News and Insights
22 May 2017
It’s very important to make a will. Estate planning is not just for the wealthy.
If you don’t, and you’re domiciled in Jersey which, broadly speaking, means permanently resident in the Island, the law will dictate who will inherit your assets and it may not be who you expect. For example, if you’re unmarried and you die without a will, your partner is not legally entitled to inherit anything from you.
If you live in Jersey, we generally advise that two wills are required: one to deal with your movable assets and another for your immovable.
If you live offshore, and you only own movable assets in the Island, for example, a bank account, you will only need one will. This will allow probate to be granted much quicker to your heirs in the event of your death.
Forced heirship rights
Unlike many other jurisdictions, if you are domiciled in Jersey and you make a will, certain forced heirship rights (known as ‘légitime’) are given to your spouse* and your children over your movable assets. These rights cannot be removed even if you make a will that ignores them.
Upon your death, your spouse is entitled to receive one third of your movable property and the household effects and your children another third between them. The remaining third is what’s known as your ‘disposable third’ and you may leave this to whoever you like.
So, let’s take an example. If you left a spouse and two children and £90,000 in your estate, your spouse would receive one third in the sum of £30,000 pounds, plus the household effects and your children would receive the same sum, but divided between them, so they would each receive £15,000 pounds. You would then have the remaining third of £30,000 to leave to whoever you wished.
If you leave only children or a surviving spouse, they are entitled to receive the 2/3rds of your movable estate (so in our example they would receive £60,000) and in the case of a surviving spouse, the household effects as well.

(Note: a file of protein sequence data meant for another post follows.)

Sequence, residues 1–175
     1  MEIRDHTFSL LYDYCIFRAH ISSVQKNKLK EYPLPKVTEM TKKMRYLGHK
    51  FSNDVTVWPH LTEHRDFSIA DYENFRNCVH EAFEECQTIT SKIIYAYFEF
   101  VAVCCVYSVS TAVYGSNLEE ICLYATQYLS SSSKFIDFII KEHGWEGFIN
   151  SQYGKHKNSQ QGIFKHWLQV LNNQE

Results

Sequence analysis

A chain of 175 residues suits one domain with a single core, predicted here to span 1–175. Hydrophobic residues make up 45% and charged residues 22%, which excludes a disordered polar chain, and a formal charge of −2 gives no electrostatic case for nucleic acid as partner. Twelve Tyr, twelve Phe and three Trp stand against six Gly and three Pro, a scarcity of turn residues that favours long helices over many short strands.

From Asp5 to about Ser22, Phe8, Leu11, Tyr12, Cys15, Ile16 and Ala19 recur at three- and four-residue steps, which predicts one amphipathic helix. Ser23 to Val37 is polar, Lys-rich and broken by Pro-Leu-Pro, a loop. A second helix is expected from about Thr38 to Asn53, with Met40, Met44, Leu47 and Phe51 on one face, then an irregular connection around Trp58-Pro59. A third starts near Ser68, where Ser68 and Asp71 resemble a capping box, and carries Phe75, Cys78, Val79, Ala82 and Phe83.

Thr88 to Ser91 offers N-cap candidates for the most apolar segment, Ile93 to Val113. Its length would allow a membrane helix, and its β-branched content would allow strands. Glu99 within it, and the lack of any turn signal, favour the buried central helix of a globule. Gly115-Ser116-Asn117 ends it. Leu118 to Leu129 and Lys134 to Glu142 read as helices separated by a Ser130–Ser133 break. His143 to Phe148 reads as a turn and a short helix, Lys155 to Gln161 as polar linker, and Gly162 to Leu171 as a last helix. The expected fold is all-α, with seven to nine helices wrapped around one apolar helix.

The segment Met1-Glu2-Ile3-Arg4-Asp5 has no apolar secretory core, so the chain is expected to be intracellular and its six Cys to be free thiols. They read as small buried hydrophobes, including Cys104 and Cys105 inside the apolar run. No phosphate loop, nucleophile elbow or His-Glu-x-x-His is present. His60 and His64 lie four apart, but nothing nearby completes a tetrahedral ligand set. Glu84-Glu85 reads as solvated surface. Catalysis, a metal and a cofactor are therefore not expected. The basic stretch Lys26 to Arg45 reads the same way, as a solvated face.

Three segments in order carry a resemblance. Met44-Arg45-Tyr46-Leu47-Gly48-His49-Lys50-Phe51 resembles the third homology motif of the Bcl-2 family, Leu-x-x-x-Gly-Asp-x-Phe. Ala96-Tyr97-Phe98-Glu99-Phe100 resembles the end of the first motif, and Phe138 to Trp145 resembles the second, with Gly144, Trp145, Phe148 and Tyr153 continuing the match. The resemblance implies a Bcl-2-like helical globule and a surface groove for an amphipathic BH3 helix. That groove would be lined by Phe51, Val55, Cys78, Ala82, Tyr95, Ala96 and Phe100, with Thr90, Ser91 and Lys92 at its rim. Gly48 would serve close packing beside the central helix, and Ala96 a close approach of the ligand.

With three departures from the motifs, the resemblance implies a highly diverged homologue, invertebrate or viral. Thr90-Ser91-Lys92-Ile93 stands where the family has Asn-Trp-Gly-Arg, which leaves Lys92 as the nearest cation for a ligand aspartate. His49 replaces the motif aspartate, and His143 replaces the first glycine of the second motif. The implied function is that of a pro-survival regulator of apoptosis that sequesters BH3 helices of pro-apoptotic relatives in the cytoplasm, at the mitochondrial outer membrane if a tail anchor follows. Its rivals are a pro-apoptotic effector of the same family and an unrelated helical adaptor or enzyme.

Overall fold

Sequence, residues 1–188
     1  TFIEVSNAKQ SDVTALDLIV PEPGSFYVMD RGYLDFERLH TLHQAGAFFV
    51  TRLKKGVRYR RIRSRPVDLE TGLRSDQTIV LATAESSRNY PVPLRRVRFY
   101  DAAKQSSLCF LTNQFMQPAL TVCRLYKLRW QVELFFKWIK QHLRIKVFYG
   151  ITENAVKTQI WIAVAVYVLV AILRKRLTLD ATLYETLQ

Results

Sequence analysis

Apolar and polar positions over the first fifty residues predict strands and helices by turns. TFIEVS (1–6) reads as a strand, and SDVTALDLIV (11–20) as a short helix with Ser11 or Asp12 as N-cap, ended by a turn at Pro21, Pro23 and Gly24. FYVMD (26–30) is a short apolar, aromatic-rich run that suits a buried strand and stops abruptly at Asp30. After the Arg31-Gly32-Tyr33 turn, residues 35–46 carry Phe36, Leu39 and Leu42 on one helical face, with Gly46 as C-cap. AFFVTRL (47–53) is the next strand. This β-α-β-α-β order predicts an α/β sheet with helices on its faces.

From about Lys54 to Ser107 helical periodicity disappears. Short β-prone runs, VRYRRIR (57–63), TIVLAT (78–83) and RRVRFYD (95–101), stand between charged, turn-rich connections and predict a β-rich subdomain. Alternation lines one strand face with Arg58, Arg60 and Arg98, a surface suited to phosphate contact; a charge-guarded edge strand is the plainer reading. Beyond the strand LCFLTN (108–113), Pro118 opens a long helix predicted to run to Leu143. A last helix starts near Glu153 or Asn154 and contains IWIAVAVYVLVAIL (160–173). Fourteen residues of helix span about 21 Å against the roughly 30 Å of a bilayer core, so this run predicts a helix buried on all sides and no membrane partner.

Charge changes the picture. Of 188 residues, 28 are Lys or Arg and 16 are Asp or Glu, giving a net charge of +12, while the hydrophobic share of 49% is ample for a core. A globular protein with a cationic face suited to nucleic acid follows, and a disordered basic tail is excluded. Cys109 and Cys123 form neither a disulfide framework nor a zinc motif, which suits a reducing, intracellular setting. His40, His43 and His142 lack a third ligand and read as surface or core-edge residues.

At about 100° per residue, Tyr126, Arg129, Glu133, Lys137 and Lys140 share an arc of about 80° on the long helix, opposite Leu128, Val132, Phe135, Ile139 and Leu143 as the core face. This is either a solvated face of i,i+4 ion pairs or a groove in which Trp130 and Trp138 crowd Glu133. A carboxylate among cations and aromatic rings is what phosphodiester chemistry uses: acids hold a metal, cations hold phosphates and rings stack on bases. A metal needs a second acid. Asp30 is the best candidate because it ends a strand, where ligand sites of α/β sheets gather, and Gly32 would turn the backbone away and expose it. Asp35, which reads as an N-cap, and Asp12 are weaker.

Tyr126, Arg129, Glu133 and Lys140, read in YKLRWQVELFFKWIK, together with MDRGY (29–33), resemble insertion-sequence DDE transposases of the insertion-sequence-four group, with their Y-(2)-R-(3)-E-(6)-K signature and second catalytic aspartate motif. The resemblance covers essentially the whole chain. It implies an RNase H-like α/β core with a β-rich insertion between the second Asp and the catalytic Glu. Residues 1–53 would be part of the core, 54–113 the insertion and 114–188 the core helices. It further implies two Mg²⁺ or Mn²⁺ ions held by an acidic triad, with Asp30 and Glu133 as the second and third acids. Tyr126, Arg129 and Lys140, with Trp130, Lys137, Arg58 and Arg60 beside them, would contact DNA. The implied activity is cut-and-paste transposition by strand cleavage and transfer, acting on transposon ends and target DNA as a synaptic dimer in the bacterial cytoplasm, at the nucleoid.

If you don’t leave any children or a surviving spouse you may leave your movable property to whoever you like.
Equally, no forced heirship applies to the distribution of immovable property and this can also be left to whoever you wish.
The right of dower
If you are married, your spouse will acquire a life interest over one third of your property. This is known as the right of dower.
Technically speaking your spouse will have the right to live in one third of your immovable property. Children however get no such rights.
Because people often buy houses in joint names we rarely come across scenarios where this happens, but where it does, there are options available.
Therefore, subject to this right of dower, heirs have no right to challenge any gifts of immovable property made by you in your will.
Why is it so important to make a will?
Your will gives away the property that you have acquired in your lifetime and is a very important document. We help our clients plan for the unexpected in life. We understand that you want peace of mind in knowing that your minor children will be raised by those you chose.
We will advise you as to how you can provide financial security for your family. Estate planning is about protecting the people we love.
Please call me to talk about making your plans.
* References to ‘spouse’ include references to civil partners.